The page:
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Pedants' corner

Expecting and anticipating

12 replies

CatWithKittens · 02/04/2008 16:15

Is anybody else annoyed by the use of anticipate when the speaker or writer means expect?

OP posts:
LordGodAlmighty · 02/04/2008 19:19

Yes, I am. But I suspect that it is only die hard pedants such as you find in this here little nook that actually understand the difference now.
A bit like momentarily.
And indifferent.
And refute.

Janni · 02/04/2008 19:42

Well I wasn't, but am quite willing to be extremely annoyed about it if you provide a suitable example

amicissima · 02/04/2008 20:54

This reply has been deleted

Message withdrawn at poster's request.

fryalot · 02/04/2008 20:55

Oh, I definitely concur with Janni. I also am prepared to be extremely annoyed when provided with an example of why the anticipated expectation was annoying

(I think)

amicissima · 02/04/2008 21:06

This reply has been deleted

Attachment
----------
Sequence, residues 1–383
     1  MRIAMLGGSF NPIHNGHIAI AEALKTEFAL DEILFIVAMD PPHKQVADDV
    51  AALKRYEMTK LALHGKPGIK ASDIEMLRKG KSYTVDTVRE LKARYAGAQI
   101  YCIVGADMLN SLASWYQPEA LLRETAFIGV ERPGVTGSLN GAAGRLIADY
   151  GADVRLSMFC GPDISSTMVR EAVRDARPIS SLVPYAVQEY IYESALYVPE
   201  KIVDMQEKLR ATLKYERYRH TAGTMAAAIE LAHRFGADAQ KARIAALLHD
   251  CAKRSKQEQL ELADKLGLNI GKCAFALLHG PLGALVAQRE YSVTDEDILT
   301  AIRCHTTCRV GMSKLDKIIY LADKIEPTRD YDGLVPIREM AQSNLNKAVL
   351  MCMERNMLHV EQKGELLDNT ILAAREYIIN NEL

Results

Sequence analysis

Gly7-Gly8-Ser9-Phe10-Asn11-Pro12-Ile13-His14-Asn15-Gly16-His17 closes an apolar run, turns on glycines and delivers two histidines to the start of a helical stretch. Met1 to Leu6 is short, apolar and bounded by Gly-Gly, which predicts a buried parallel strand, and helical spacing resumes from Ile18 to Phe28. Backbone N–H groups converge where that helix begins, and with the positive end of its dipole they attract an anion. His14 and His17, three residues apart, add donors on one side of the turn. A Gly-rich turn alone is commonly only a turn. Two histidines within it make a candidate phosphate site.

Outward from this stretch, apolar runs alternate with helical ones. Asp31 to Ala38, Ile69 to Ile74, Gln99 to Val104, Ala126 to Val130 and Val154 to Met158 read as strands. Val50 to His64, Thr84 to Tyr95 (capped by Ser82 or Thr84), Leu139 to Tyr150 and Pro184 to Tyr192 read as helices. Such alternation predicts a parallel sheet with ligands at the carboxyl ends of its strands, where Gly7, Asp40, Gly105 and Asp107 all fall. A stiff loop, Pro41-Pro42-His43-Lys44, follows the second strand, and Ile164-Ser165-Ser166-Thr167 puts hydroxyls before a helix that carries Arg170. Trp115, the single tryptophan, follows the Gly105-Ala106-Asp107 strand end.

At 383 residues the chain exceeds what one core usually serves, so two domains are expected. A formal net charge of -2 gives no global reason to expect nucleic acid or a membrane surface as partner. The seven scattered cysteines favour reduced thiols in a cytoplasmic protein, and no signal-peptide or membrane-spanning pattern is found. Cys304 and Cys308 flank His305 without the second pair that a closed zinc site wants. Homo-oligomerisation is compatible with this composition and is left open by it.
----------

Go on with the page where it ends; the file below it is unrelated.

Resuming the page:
Message withdrawn at poster's request.

CatWithKittens · 02/04/2008 23:17

Example: Politician, quite unusually honest for the breed, says ?I did not anticipate that problem? when it is quite clear that it had not been even been considered as a possible problem, let alone expected and certainly had not been anticipated by putting in place measures to prevent it arising. (Sorry ,my computer system seems to turn quotation marks into question marks: hence absence of proper punctuation.)

OP posts:
barnstaple · 02/04/2008 23:22

Yeah, I refute the allegation that I'm being unreasonable....

Drives me nuts.

Janni · 03/04/2008 08:21

Doesn't 'anticipate' add an element of excitement to the expectation?

This is totally inappropriate in the context of an unexpected problem requiring political action and I am now EXTREMELY ANNOYED about it.

branflake81 · 03/04/2008 11:52

OK...what's wrong with refute? I always thought it meant either deny or prove to the contrary - can you not then refute an allegation?

LordGodAlmighty · 03/04/2008 18:19

You rebut an allegation if you are denying it, you only refute it if you are disproving it.

PortAndLemon · 03/04/2008 18:28

Technically speaking, doesn't rebuttal imply the presentation of evidence rather than just a denial?

LordGodAlmighty · 03/04/2008 22:23

You are quite correct PortandLemon. I misspoke.

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